The PhD Summer School was embedded in the research and network project Fluid mobilities for cities in transformation: spatial dynamics of marshrutkas in Central Asia and the Caucasus (Marshrutka Project). Within the scope of the project, we wanted to gain insights into transformation processes through the lens of changing mobility practices. The summer school was designed to encourage transnational interdisciplinary discussions, and provide high-impact feedback and networking opportunities for its participants.
The Summer School was hosted and organised by the Leibniz Institute for Regional Geography (IfL) in Leipzig, Germany, and the American University of Central Asia (AUCA) in Bishkek, Kyrgyzstan. After a day of internal organisational updates for Marshrutka Project members, the summer school set off with a panel discussion on the question of whether the post-socialist framework was and still is a valid tool for research (link to panel discussion announcement). Apart from the summer school participants – five project PhDs, supervisors, keynote speakers and ten external PhD participants – twenty more visitors came to the AUCA campus and joined the debate. The following day, the group, took off to the summer school venue at the Aurora Resort at Lake Issyk Kul for an intense four-days programme.
The whole Summer School Team
„I attended the Space, Mobility and Transformation Summer School organized by the Leibniz Institute for Regional Geography (IfL) and the American University of Central Asia (AUCA) in Kyrgyzstan, and it was one of the most remarkable experiences of my academic career. The school not only brought together promising early career academics in the beautiful scenery of Lake Issyk-Kul, it also prompted them to discuss the old and emerging orthodoxies within the field of migration and mobility studies. The summer school was a wonderful opportunity for PhD students to present their work, and I think I had the most of it by taking part in a scholarly exchange that critically engaged with the ways post-socialist spaces are constituted ethnographically and theoretically in social sciences. In many ways the summer school resulted in a network of friends and colleagues, and this is why I will be always truly indebted to organizers.“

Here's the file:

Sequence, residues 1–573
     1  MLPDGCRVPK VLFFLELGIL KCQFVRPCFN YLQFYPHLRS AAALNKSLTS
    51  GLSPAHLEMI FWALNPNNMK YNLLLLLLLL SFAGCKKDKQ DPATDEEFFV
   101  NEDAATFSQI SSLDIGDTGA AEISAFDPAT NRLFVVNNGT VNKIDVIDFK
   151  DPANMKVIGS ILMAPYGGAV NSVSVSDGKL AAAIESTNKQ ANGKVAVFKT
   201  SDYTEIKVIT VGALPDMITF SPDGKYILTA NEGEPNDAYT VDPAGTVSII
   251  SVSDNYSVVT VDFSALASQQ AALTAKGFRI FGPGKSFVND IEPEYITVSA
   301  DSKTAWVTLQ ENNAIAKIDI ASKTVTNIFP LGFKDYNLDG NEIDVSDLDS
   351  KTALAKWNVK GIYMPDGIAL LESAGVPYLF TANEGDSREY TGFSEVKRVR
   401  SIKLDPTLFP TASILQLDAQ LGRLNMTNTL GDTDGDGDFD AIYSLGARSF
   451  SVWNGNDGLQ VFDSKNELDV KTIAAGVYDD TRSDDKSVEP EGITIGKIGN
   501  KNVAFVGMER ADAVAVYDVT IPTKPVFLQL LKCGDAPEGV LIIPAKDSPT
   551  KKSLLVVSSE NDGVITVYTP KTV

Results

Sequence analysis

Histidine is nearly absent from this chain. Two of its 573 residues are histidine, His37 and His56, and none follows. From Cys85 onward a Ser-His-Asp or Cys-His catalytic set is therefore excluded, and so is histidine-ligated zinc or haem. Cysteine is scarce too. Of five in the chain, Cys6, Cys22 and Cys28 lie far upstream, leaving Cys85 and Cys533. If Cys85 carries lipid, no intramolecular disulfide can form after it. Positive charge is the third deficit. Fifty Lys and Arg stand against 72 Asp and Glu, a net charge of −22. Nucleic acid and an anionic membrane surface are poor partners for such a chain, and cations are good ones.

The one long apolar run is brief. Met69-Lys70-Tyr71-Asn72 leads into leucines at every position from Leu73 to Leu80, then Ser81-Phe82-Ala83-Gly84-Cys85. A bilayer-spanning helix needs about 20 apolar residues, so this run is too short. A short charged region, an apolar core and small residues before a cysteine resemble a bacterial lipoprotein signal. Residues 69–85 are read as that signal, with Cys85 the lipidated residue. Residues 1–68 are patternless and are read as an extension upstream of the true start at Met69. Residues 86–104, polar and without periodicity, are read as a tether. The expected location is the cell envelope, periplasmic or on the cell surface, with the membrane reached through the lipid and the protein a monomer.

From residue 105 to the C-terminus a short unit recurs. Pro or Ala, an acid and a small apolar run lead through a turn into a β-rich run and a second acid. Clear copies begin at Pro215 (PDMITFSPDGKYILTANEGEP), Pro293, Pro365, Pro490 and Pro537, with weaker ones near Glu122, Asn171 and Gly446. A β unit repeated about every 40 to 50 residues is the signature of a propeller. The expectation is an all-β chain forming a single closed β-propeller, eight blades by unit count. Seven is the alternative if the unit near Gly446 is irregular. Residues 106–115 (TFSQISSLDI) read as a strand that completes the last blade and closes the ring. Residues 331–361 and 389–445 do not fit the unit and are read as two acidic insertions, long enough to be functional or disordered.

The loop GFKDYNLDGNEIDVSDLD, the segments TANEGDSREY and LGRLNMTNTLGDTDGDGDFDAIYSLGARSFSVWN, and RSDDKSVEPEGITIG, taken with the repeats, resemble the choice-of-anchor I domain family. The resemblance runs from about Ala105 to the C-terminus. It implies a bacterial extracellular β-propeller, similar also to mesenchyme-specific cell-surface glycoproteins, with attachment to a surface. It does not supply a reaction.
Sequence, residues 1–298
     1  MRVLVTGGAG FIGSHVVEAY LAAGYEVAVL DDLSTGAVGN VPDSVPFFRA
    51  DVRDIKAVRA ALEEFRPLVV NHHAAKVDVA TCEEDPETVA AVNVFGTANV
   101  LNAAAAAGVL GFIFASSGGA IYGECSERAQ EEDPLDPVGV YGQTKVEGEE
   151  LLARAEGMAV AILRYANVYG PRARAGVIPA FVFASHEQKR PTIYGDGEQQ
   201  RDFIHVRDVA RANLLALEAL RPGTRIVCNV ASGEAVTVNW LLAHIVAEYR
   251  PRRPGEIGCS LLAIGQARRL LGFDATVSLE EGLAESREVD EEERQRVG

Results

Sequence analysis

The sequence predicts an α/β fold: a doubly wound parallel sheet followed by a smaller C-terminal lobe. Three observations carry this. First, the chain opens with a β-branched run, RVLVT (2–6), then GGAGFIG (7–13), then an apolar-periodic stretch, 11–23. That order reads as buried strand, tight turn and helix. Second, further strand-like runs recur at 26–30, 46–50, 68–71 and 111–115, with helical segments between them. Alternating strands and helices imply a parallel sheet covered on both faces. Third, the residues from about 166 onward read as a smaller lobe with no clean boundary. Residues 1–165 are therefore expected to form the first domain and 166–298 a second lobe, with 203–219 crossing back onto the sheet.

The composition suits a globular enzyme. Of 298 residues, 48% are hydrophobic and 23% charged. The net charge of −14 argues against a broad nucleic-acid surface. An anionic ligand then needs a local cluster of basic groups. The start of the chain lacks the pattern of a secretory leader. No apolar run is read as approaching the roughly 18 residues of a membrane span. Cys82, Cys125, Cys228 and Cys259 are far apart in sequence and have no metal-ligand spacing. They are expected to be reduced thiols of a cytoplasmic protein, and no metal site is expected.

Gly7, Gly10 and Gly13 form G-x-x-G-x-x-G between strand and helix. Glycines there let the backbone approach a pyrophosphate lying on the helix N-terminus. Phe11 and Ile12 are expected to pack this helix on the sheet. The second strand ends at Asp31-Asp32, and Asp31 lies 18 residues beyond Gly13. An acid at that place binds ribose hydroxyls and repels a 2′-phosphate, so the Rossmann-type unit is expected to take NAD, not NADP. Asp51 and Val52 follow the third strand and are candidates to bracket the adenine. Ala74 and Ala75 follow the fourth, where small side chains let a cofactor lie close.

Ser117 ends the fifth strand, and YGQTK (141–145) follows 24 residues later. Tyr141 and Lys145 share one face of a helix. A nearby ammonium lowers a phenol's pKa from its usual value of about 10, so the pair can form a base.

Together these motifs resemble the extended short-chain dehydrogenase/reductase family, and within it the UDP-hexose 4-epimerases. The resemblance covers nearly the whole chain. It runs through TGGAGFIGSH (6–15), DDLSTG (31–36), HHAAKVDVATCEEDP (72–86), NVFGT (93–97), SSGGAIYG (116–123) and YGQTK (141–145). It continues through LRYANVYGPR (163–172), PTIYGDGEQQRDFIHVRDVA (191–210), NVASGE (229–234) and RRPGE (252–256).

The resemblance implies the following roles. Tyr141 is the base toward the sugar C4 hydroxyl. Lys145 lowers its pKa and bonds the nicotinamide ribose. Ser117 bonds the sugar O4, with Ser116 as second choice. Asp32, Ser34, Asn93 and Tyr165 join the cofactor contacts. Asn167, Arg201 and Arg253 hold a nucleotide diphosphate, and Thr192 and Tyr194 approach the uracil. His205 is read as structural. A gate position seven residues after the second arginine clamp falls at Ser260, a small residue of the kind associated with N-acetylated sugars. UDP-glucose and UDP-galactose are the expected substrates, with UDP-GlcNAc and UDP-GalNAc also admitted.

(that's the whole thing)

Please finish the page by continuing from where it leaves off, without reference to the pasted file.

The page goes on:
Salim Aykut Öztürk, external PhD participant, University College London.
Internal project meeting with PhDs and Supervisors at the AUCA
Panel Discussion “Are our cities still post-socialist?” with Joseph Salukvadze, Oksana Zaporozhets, Wladimir Sgibnev (moderator), Sebastian Lentz and Georgy Mamedov